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Peoria Cty. v. Industrial Com.





APPEAL from the Circuit Court of Peoria County; the Hon. ROBERT E. HUNT, Judge, presiding.


This appeal from the circuit court of Peoria County which confirmed an award of the Industrial Commission of Illinois to Kathleen L. Kuczynski, widow of Walter Kuczynski, presents the sole question whether, as a matter of law, Walter Kuczynski met his death in an accident arising out of and in the course of his employment within the meaning of the Workmen's Compensation Act under which the parties stipulated they were operating.

Decedent was employed by the county of Peoria as a deputy sheriff. His regular duty was as juvenile officer and he was in charge of the county's juvenile office, working from 9:00 A.M. to 5:00 P.M., Monday through Friday. The testimony established that all of the deputies as well as the sheriff were considered "on call" 24 hours a day at any time the need arose although, generally, each worked an eight-hour day at his regular duty. Moreover, it was the duty of each deputy sheriff to assist in controlling traffic and in accidents or other situations involving motorists in distress, whether they were then performing their regular duty or not. When off duty the deputies were required to report their movements to the office so that they could be reached if needed.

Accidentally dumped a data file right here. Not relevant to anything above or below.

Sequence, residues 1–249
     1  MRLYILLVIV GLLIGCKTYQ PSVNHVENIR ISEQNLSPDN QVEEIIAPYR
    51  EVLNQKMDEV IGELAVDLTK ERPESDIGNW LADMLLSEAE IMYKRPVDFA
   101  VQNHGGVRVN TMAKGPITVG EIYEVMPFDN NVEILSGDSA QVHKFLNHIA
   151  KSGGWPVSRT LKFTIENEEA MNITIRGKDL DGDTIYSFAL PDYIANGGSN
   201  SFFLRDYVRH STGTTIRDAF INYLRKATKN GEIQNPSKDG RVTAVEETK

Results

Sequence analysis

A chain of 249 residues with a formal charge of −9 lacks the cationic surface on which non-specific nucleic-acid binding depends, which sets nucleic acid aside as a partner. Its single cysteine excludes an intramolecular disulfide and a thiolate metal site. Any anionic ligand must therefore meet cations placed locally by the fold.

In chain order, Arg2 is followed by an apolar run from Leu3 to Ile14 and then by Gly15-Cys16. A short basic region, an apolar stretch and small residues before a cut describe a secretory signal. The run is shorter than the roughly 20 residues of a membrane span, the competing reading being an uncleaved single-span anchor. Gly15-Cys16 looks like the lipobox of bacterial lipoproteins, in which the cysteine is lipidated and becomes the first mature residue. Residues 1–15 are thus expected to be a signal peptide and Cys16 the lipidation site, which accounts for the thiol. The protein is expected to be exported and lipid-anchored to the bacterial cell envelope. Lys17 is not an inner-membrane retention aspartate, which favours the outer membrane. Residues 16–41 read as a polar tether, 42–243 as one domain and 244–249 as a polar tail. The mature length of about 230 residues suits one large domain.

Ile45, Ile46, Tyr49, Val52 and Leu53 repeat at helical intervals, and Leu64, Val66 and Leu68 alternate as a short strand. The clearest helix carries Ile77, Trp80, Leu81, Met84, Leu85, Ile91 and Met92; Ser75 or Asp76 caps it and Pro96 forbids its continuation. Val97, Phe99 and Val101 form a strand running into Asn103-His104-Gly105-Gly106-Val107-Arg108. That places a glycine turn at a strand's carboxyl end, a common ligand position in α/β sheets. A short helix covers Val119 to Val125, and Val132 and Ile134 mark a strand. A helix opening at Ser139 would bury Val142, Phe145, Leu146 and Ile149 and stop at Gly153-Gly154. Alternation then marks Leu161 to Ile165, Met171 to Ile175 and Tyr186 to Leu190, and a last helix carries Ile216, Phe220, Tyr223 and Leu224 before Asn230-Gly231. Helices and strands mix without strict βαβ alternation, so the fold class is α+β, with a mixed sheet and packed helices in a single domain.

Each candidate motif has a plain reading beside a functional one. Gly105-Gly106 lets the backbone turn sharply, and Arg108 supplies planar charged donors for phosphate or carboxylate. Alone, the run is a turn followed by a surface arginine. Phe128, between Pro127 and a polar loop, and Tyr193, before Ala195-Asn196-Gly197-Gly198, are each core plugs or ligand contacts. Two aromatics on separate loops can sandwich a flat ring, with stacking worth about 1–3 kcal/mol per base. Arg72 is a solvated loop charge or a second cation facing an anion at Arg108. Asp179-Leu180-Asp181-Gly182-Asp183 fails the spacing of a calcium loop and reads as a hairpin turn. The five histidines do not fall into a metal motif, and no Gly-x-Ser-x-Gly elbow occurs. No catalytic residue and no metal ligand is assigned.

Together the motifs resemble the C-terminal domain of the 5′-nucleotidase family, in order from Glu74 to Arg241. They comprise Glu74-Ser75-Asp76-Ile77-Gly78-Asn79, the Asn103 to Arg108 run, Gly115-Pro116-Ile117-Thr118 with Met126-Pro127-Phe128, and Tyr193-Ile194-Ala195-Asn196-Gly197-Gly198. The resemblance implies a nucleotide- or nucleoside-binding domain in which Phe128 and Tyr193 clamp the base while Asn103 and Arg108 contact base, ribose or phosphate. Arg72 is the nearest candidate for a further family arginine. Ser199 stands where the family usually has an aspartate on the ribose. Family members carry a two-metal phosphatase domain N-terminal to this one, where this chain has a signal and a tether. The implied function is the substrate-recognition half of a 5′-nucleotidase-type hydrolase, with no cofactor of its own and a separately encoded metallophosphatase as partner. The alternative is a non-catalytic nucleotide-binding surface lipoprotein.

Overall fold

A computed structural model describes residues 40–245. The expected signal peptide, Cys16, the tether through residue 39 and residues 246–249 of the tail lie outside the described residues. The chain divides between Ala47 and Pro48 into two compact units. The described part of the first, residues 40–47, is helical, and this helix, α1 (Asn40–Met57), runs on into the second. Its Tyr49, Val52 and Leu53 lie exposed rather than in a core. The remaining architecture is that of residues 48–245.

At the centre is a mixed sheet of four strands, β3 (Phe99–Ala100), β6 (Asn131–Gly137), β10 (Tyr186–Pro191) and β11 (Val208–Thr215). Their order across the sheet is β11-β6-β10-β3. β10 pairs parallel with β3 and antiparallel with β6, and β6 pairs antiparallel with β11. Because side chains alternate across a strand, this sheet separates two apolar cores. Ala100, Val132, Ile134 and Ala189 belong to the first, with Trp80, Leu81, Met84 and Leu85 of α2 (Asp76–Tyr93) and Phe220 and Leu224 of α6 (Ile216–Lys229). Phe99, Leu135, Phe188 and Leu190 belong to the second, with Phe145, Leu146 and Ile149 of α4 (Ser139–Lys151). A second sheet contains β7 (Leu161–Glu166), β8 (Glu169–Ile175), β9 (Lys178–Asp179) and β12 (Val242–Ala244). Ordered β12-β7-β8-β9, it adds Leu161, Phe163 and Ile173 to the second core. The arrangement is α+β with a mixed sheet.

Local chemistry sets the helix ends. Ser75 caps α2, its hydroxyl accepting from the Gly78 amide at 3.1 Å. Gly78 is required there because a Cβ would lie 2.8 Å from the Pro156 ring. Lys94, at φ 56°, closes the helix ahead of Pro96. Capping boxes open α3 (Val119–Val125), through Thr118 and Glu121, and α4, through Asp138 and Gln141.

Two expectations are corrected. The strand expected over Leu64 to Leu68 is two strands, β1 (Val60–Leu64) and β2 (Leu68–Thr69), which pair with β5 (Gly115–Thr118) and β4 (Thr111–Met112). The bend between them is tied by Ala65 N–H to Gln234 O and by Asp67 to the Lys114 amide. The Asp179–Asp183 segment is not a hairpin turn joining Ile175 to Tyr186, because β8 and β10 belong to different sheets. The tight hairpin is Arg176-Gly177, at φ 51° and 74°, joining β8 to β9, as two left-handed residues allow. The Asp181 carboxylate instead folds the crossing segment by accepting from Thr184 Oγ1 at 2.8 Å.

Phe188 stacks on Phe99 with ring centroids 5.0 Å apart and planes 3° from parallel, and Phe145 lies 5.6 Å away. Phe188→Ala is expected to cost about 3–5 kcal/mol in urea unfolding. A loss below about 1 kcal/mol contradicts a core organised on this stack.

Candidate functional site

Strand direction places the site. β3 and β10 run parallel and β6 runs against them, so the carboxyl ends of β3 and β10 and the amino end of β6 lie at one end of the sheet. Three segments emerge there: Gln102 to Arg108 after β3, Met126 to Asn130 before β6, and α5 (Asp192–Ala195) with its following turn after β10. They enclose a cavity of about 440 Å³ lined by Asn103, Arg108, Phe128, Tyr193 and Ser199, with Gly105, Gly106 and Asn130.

On Saturday evening, October 7, 1961, decedent was ticket chairman for and present to assist at the annual fund-raising dance held by the Peoria County Sheriff's Association at a barn in Peoria County. The association is a nonprofit organization which solicits and raises funds which are used to provide uniforms and additional equipment not provided by the county for the sheriff's office.

Following the dance Peoria County Sheriff Ray Trunk invited a number of persons, most of whom were employed by him, to join him for breakfast at his cottage which was located between the site of the dance and the city of Peoria. About midnight and thereafter, some 20 to 25 persons gathered at the sheriff's cottage. About 2:15 A.M., while Sheriff Trunk, deputies Chitwood, Clevenger, Unes, decedent and several others were eating bacon and eggs in the kitchen of the sheriff's cottage, someone entered and said that a car was in the ditch in front of the house. According to the testimony of those present, Sheriff Trunk said: "Let's go out and give them a hand", or something to that effect.

Sheriff Trunk, a number of deputies, the sheriff's grown son, a man named Marks who was the husband of an office employee, and the decedent, all went out to assist. Apparently, one of the employees of the sheriff's office coming to the breakfast had missed the driveway, and her car had entered the ditch in a southerly direction with its tail end projecting partially into the inside northbound lane of Highway 29 which ran in a north-south direction past the cottage.

The sheriff directed deputy Chitwood to get into the car and drive it while he and the others attempted to push it out of the ditch. The testimony indicated that Sheriff Trunk informally took charge of the extrication attempt. While attempting to push the car from the rear, deputy Kuczynski was struck and killed instantly by a northbound auto.